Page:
Talk about hazards: Errant second shot breaks golfer's leg

September 08, 1994|By Anne Haddad | Anne Haddad,Sun Staff Writer

Golfers like to tell stories, and the one about Michael Newstead's accident spread across the fairway and to the emergency room even before he got there, picking up an embellishment here and there.

Contrary to rumors, a golf ball did not lodge in his leg. Nor did it go through it. Nor was he hit with a club by another golfer.

But it was indeed an unusual accident that befell Mr. Newstead on Saturday at the Oakmont Green course in Hampstead.

He turned to watch a member of his foursome take a second shot, and the ball rocketed 35 yards toward his shin so fast and hard, it broke both of the long bones.

"It dropped me. I don't even remember falling, actually. I was just on the ground," Mr. Newstead said.

One of his other companions propped his head up on his golf bag and found a clean towel to control the bleeding.

A Manchester Fire Company rescue squad put him on a stretcher, then onto a truck to drive across the crowded course. Other golfers stopped their games to watch, and Mr. Newstead waved as he went by.

Meanwhile, the Manchester squad alerted the Carroll County General Hospital emergency room that Mr. Newstead had an open fracture, a break in the bone and the skin over it.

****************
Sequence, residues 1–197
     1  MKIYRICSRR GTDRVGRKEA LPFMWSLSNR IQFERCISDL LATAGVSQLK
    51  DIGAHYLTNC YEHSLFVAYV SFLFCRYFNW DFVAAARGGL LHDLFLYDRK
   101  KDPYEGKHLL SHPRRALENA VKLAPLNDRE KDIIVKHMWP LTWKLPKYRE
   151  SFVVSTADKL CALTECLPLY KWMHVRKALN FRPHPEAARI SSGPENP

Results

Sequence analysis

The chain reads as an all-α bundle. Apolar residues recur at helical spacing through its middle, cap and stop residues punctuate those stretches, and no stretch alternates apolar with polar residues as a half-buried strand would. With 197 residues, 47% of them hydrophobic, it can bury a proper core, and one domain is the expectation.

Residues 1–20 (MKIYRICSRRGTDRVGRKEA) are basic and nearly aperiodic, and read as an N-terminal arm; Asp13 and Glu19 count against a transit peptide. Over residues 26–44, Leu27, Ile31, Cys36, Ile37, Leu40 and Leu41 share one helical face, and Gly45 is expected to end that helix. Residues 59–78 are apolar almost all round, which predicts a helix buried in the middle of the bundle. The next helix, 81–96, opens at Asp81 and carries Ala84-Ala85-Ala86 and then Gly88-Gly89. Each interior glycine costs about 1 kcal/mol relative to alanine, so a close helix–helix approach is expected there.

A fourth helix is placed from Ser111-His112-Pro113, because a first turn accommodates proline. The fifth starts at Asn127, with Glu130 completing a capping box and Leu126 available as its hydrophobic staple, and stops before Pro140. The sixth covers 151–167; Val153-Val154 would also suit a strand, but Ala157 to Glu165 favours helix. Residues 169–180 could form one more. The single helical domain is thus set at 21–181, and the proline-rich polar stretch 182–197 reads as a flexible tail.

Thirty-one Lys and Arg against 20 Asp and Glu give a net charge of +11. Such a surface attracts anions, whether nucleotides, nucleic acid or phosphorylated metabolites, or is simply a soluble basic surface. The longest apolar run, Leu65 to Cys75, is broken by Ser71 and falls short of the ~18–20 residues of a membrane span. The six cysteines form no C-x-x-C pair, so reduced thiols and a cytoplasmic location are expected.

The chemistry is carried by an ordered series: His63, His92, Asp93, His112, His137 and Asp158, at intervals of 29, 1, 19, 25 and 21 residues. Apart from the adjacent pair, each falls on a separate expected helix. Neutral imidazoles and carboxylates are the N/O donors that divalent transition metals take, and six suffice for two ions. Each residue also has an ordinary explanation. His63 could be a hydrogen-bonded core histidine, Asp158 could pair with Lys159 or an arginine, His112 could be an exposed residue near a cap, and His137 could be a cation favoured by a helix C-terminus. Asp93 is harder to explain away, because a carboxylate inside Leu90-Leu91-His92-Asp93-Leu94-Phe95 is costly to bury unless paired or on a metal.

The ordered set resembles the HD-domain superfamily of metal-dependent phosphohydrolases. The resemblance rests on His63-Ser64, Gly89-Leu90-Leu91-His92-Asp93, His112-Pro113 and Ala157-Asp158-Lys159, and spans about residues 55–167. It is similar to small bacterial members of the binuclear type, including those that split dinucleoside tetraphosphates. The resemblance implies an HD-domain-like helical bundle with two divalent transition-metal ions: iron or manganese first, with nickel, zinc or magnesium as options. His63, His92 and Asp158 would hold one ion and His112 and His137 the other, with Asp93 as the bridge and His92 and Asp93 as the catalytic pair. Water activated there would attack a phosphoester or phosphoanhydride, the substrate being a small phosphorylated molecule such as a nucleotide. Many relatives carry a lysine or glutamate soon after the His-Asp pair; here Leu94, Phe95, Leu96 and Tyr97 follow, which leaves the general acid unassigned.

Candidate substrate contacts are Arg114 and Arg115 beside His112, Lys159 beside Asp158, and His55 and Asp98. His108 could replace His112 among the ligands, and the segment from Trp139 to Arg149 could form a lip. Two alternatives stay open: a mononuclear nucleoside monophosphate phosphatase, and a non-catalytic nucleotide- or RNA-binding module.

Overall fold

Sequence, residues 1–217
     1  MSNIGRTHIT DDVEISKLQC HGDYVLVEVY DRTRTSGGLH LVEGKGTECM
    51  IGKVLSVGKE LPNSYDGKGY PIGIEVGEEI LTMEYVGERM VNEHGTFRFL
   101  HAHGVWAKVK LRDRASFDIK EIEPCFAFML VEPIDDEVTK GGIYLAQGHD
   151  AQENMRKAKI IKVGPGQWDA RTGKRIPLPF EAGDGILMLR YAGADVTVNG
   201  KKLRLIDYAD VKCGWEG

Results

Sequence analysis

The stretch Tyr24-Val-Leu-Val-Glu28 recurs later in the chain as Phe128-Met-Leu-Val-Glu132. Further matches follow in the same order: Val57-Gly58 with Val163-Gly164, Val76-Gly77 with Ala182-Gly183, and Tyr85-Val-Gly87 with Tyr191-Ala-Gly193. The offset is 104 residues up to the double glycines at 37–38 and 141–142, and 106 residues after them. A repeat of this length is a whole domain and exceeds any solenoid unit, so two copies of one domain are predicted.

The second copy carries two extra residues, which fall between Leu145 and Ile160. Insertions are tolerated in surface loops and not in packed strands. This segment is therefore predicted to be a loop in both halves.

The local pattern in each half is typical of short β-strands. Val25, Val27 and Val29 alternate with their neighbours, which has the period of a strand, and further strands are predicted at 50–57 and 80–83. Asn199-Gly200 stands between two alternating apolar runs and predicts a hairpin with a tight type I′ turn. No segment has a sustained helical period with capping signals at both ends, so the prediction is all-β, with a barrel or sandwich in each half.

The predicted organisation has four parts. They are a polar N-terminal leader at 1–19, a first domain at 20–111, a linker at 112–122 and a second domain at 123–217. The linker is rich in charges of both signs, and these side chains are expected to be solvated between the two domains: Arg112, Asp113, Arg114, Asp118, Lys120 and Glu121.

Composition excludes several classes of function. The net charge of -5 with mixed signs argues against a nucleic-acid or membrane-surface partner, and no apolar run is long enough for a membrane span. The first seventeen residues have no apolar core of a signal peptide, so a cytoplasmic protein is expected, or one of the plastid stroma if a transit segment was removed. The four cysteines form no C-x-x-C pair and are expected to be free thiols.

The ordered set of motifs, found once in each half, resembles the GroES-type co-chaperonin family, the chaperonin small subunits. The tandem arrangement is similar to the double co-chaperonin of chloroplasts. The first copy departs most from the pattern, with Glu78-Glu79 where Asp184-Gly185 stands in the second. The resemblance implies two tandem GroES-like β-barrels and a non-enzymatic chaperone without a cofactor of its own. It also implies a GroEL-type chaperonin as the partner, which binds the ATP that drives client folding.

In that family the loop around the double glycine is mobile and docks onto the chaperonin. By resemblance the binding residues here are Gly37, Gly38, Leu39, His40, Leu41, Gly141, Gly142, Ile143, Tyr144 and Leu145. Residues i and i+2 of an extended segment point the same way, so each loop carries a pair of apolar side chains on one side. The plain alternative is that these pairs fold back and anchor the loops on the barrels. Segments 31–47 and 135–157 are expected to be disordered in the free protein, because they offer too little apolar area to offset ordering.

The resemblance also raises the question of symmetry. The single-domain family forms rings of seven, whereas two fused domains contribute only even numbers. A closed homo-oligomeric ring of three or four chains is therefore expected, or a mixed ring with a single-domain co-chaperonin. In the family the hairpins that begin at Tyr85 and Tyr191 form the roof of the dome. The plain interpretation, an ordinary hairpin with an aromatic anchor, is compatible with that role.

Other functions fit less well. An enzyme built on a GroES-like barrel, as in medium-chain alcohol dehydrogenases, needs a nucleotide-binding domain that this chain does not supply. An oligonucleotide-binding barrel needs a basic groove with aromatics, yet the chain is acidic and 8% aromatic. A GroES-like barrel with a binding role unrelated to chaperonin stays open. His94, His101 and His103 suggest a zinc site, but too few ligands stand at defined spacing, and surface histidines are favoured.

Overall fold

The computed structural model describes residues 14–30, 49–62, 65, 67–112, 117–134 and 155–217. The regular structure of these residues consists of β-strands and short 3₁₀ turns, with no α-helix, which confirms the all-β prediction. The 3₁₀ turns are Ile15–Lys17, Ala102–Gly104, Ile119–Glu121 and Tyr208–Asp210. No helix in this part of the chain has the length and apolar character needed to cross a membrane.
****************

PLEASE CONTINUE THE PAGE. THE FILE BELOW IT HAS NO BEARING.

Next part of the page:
"They must have been very astute," said Roger Stone, the emergency room doctor. He said the main bone, the tibia, was cracked about 12 inches -- the long way. No bone was sticking out of the skin.

"It was an atypical fracture," Dr. Stone said. After an X-ray confirmed that at least one bone was broken, orthopedist Anthony Woodward took over treating Mr. Newstead.

"I'd say it was a significant injury, compared to what you would imagine golf would do to you," Dr. Stone said. He recommends golfers stay well behind someone hitting a ball.

"That ball must have been traveling at a tremendous rate of speed," he said.

Mr. Newstead went home Tuesday, and now he's hobbling around on crutches at his house in Catonsville, with a white plaster cast from his toes to his groin.

"They don't want you moving any part of it, I guess," Mr. Newstead said of his wounded leg.

No golfing until next year. But Mr. Newstead is very optimistic, and hopes to start running soon after his last cast comes off in the winter.

He plans to go back Monday to his job as a regional vice dTC president for AccuStaff in Baltimore, an agency that places temporary workers.

A story in the newspaper, he said, would help bolster his alibi.

"I feel like they're never going to believe me," he said. People started calling as soon as he got home, wanting to hear the whole story.

By early afternoon, he got tired and stopped taking calls, he said.

Of course, his friend who hit the ball felt awful, Mr. Newstead said -- so bad that Mr. Newstead doesn't want to make the man feel worse by telling a reporter his name.

And besides, Mr. Newstead said, the man works at the National Security Agency, which doesn't like its employees to get their names in the paper.

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